The BL rack at GBT

The BL compute rack at GBT (as of late 2016), showing 24 compute nodes in addition to storage nodes.

We achieve the reduction in file size essentially by averaging in time, or frequency, or both, losing some of the native resolution of the raw data in exchange for manageable file sizes. The resulting files are stored in "filterbank" format (see below for a description of how to read filterbank files, and check out this deeper introduction to working with filterbank files, written by one of our undergraduate interns). A filterbank file is basically an array of detected signal strength as a function of frequency and time (with some header information attached). There's one of these files in our archive for each five-minute observation of each star. Actually, filterbank files are "spliced" together from data from each of the 8 (or more) compute nodes, but for many purposes we want to use the spliced files in our analysis.

For different kinds of analysis, we make different compromises between frequency and resolution, and we store three spliced filterbank files for each observation:

  • High frequency resolution (~3 Hz frequency resolution, ~18 second sample time)
  • High time resolution (~366 kHz frequency resolution, ~349 microsecond sample time)
  • Medium resolution (~3 kHz frequency resolution, ~1 second sample time)

The high frequency resolution files are most like a "traditional" SETI data product, having sufficient frequency resolution to detect a narrow-band signal, and sufficient time resolution to see if the signal has a Doppler drift with time. The total bandwidth is typically measured in GHz, so a high frequency resolution file, for example, consists of a header attached to an array with dimensions of a few hundred million (frequency) by 16 (time). The signal strength at each frequency and time is recorded as a 32-bit float. So individual filterbank files are typically several GB in size.

Such file sizes don't present a major challenge for simpler algorithms, but sophisticated algorithms such as a Doppler drift search or machine learning approaches struggle to deal with the data volumes. We also currently don't have the storage space or network resources to make our whole archive (about 1 PB / year) easily accessible to the algorithms we want to run. Ultimately we would like the data to be in cloud storage with some sort of distributed processing such as Spark to run the analysis. If you have resources that could be donated to help with this goal, please let us know!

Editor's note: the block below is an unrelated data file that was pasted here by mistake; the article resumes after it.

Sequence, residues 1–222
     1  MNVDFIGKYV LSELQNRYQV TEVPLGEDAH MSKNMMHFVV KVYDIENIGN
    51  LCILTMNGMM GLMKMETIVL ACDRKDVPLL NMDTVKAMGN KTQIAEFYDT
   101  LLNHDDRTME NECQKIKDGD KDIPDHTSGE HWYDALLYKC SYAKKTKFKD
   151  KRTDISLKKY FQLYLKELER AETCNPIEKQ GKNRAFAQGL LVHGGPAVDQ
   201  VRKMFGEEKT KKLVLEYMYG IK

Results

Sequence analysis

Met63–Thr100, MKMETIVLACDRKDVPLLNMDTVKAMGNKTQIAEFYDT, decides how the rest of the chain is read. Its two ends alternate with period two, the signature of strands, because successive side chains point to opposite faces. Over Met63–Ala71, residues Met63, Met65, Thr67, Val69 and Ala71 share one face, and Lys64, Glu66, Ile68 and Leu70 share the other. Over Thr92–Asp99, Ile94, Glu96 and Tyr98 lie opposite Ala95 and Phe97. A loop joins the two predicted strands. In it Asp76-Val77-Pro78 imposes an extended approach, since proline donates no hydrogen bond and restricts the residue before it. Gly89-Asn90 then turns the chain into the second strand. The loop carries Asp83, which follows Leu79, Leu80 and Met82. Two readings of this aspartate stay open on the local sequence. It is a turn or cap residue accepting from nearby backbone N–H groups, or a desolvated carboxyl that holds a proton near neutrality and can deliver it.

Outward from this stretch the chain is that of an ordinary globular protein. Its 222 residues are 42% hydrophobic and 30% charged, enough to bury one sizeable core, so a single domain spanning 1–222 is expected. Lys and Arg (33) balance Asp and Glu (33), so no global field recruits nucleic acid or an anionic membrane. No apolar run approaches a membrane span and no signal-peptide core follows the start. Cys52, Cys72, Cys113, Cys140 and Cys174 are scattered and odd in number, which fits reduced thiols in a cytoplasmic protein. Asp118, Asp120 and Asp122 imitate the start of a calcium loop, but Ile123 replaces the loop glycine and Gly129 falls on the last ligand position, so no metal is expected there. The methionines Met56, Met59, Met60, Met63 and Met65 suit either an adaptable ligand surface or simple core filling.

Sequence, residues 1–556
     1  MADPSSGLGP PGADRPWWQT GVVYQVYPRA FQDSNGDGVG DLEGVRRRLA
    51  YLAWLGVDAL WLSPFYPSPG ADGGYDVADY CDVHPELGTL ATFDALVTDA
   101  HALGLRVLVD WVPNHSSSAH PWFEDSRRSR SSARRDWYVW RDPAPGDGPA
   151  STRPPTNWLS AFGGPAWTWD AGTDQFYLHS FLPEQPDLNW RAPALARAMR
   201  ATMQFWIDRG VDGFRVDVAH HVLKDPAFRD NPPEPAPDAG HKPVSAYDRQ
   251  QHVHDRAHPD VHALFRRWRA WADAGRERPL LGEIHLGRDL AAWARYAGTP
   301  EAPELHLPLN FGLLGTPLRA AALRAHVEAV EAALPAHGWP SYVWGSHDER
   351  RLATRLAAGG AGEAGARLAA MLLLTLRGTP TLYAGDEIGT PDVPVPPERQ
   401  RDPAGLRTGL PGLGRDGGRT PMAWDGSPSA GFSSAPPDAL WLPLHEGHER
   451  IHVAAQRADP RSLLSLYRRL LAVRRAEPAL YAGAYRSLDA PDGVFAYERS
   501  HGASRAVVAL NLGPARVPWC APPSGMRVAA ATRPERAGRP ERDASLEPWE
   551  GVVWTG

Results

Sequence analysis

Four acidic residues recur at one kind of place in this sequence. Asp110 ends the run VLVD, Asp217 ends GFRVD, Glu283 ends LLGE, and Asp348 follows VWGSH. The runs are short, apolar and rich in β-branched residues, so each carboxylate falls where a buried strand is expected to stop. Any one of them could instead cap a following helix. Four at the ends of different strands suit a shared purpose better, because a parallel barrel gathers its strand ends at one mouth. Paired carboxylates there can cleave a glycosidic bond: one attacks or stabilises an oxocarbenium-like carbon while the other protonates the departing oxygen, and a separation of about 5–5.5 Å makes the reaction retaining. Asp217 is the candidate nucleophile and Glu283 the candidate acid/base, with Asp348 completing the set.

So how do we find ET?

Here are some basic techniques:

Thresholded hits

Start with the high frequency resolution (3 Hz) product, or the medium resolution (3 kHz) product. Optionally (to speed up and / or simplify processing), average all the time samples to get a single 1-dimensional spectrum per 5 minute observation, as opposed to a 2-dimensional spectrogram that preserves both frequency and time samples.

Determine the rms noise, which gives a measure of the sensitivity of the observations. This ought to be measured in channels that are free of RFI (so an algorithm like median absolute deviation, or alternatively an iterative sigma clipping approach might be a more robust estimator in the presence of many channels affected by RFI).

Look for emission above some multiple of the rms noise. You want to set the threshold fairly high - with billions of samples, you'd expect to see six sigma events crop up regularly, even without assuming that: (1) the noise is perfectly Gaussian (it's not), and (2) you've measured the rms correctly. Stick to 10 sigma at a minimum, or higher if you want fewer hits. Make a note of the hits in a database (we're using mySQL) along with metadata such as the Z-score (number of standard deviations above the mean), also referred to as the signal-to-noise ratio (SNR). Now you have a list of frequencies and times (or just frequencies, if you averaged over the time dimension) with detected emission. Depending on how much frequency and time averaging you did, and the SNR threshold you chose, this could be a few hits per file, or a few million. Either way, the expectation is that most of these thresholded hits will be RFI. But maybe there's an ETI signal hiding in there. How can we tease it out?